Combating Disability Discrimination by Regulation – Research Study

There  is a growing interest among Canadian federal and provincial governments to develop  proactive accessibility standards  in an effort to remove barriers to social inclusion for persons with disabilities.   This noteworthy trend fits within  a developing  policy practice of using public consultations to  develop  and review  legislation .

This research study examines the ways in which persons with disabilities and organizations dedicated to disability issues (ODDIs) participate in the development of disability-related laws and regulations.  One aspect of the study is concerned with the voice of persons with disabilities in the lawmaking process.  It seeks to gain insights about ensuring effective participation by persons with disabilities in lawmaking processes. The study relies, in part, on interviews with persons with disabilities and ODDIs who have participated in government consultations.  We are interested primarily, although not exclusively, in two disability issues-accessible transportation and housing. This part of the study is comparative in nature, focusing on examples in both Canada and the United States.

This research has been prompted by Ontario’s legal experiment with combating disability discrimination proactively. Through consultation processes leading to binding regulations, Ontario has enacted and continues to develop, mandatory standards of accessibility under the Accessibility for Ontarians with Disabilities Act, 2005 (AODA). A second aspect of the research project is therefore a case study that aims to assess the effectiveness of the AODA’s consultation processes. It seeks to deepen understandings of the concerns addressed by the standard-setting and review processes of the AODA and its resulting regulation, and to provide perspectives on the advantages and limitations of consultative processes in engaging citizens with disabilities in the law and policy-making process in a meaningful way. This will be helpful to governments in other Canadian jurisdictions and elsewhere in the world as they develop Accessibility Acts.

In an era where  the development of proactive accessibility standards is becoming more widespread,  this study aims to  examine,  explain and reflect on the complexities of the processes used. This study will benefit the public, community leaders in the disability community, scholars of law and public administration, and government public policy makers in the creation of future regulatory regimes premised on the theory of deliberative democracy.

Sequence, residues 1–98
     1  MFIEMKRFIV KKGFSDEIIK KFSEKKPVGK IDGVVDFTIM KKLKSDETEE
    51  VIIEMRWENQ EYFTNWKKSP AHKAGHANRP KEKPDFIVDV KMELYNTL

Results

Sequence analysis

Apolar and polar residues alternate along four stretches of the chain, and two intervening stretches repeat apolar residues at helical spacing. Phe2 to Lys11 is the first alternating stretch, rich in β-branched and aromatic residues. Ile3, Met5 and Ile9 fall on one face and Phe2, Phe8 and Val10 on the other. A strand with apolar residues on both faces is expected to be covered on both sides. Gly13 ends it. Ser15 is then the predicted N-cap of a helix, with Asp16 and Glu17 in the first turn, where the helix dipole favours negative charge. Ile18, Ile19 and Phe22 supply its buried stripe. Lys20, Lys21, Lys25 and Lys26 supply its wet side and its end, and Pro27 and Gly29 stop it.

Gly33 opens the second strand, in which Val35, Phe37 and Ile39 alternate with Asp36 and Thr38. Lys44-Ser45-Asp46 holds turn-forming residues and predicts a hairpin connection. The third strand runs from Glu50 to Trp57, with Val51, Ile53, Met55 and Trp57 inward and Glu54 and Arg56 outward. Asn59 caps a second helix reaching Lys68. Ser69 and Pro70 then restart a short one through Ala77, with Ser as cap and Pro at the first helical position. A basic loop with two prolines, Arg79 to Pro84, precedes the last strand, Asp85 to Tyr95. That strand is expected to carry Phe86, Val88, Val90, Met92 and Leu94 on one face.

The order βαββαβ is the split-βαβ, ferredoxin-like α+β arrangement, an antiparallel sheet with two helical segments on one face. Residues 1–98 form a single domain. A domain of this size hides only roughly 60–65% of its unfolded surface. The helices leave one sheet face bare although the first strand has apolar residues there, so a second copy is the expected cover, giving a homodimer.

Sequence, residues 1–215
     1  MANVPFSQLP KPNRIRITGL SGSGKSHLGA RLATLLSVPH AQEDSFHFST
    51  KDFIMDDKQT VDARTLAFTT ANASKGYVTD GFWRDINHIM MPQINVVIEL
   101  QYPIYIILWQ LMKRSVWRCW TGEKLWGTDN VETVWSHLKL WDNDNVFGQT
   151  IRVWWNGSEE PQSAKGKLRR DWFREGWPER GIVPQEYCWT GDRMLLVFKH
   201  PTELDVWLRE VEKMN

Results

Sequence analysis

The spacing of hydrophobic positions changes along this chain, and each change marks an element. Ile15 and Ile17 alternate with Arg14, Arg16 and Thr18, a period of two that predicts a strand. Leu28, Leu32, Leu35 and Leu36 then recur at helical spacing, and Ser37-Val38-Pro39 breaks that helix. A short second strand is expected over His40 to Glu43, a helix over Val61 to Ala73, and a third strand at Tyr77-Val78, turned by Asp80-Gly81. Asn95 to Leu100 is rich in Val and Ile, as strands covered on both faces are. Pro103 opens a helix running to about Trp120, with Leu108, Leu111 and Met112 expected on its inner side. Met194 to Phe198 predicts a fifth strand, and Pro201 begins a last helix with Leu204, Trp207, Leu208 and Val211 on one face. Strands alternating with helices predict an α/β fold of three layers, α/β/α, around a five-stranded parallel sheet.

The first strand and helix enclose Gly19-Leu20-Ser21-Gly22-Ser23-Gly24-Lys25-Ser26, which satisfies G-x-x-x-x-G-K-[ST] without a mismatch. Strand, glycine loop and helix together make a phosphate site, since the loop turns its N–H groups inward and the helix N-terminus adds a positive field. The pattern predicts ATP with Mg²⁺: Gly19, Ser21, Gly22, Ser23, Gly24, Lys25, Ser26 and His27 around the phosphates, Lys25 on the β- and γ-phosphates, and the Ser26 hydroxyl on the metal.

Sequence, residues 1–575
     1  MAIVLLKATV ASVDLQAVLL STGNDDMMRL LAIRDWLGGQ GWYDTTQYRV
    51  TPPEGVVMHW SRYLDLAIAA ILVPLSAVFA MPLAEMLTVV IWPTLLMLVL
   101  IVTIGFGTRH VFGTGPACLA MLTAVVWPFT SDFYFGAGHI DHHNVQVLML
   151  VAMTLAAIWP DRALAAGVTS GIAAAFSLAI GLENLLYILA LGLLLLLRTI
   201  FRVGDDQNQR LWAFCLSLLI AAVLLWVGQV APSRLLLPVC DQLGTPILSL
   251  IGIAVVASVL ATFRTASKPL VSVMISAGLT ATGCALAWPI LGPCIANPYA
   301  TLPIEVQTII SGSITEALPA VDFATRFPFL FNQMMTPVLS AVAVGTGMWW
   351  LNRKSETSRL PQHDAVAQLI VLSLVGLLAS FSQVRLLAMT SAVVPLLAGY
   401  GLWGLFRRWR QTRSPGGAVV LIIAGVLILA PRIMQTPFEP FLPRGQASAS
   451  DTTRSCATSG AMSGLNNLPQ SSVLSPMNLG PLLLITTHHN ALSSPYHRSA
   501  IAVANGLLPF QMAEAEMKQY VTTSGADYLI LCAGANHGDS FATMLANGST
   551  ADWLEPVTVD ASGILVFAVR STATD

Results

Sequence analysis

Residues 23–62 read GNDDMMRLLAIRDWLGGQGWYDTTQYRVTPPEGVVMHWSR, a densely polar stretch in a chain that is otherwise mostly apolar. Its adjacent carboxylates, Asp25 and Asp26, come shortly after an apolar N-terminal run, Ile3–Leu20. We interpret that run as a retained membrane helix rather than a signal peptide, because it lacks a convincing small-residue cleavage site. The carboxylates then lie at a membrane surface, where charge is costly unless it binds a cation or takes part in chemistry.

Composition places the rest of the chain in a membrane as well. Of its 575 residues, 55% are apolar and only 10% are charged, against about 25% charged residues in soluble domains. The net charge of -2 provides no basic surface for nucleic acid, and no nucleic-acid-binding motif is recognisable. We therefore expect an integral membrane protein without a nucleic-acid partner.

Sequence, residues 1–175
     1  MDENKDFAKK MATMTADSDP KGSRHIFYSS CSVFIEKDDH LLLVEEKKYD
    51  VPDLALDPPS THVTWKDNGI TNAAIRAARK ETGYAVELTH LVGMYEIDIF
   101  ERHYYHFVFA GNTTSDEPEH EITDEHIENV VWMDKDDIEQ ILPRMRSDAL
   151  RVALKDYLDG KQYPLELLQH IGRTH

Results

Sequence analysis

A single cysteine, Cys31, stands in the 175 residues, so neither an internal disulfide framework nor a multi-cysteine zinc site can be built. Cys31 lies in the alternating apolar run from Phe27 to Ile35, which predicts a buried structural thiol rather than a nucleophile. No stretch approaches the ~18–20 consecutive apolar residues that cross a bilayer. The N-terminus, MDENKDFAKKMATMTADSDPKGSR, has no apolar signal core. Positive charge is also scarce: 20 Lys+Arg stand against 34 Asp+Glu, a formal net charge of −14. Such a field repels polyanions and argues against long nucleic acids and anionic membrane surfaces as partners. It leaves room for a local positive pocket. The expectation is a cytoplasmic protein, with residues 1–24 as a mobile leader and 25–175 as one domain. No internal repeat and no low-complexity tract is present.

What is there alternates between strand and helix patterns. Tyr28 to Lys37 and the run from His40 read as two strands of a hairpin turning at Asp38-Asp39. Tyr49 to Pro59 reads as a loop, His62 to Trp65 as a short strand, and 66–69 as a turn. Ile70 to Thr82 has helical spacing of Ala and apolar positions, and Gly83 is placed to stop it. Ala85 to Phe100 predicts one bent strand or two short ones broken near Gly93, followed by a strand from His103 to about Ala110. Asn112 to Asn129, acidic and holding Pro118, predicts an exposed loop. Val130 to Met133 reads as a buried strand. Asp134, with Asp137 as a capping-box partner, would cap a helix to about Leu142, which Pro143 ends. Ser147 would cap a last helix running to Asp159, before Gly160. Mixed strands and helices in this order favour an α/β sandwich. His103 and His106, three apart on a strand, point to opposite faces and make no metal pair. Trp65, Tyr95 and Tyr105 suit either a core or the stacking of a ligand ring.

Funding for this research has been generously provided by the Fulbright Foundation and by the Social Sciences and Humanities Research Council of Canada.

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About the people

Laverne Jacobs

Laverne Jacobs, BA(Hons), LLB, BCL, PhD is a Canadian law professor at Windsor Law and 2013-14 Fulbright Visiting Research Chair at the University of California, Berkeley researching administrative law, and law, disability and social change.

Current Students:

Horia Tabatabaei Soltani  (JD Candidate ’18)  at Windsor Law

Cameron Taylor (JD Candidate ’18)  at Windsor Law

Ilija Dimeski (JD Candidate ’19)  at Windsor Law

Ebony Evans (JD Candidate ’20)  at Windsor Law

Samuel Giblon (JD Candidate ’19) at  Windsor Law

Valeria Kuri (JD/MSW Candidate ’21)  at Windsor Law

Pani Sarkis (JD Candidate ’19)  at Windsor Law

Maggie Shi (JD Candidate ’19) at Windsor Law

Earlier Students/Graduates:

Shanae Soor (JD Candidate ’17) 2016-17 Disability Legal Studies Fellow at Windsor Law

Mattie Marie Eansor Bornais (JD/MSW Candidate ’17)  at Windsor Law

Britney De Costa  JD/MSW  ’16 (LLM Candidate ’17), 2015-16 Disability Legal Studies Fellow at Windsor Law.

Victoria Cino (JD Candidate ’16), 2015-16 Disability Legal Studies Fellow at Windsor Law

Seana Chin (JD Candidate ’16) at Windsor Law

Chandima Karunanayaka (JD/MSW Candidate ’16), 2014-15 Disability Legal Studies Fellow at Windsor Law

Stephanie Skinner (JD/MSW ’15), 2014-15 Disability Legal Studies Fellow at Windsor Law

Keith Hiatt (PhD Candidate) at Berkeley Law. 

Nothing on this website constitutes legal advice.

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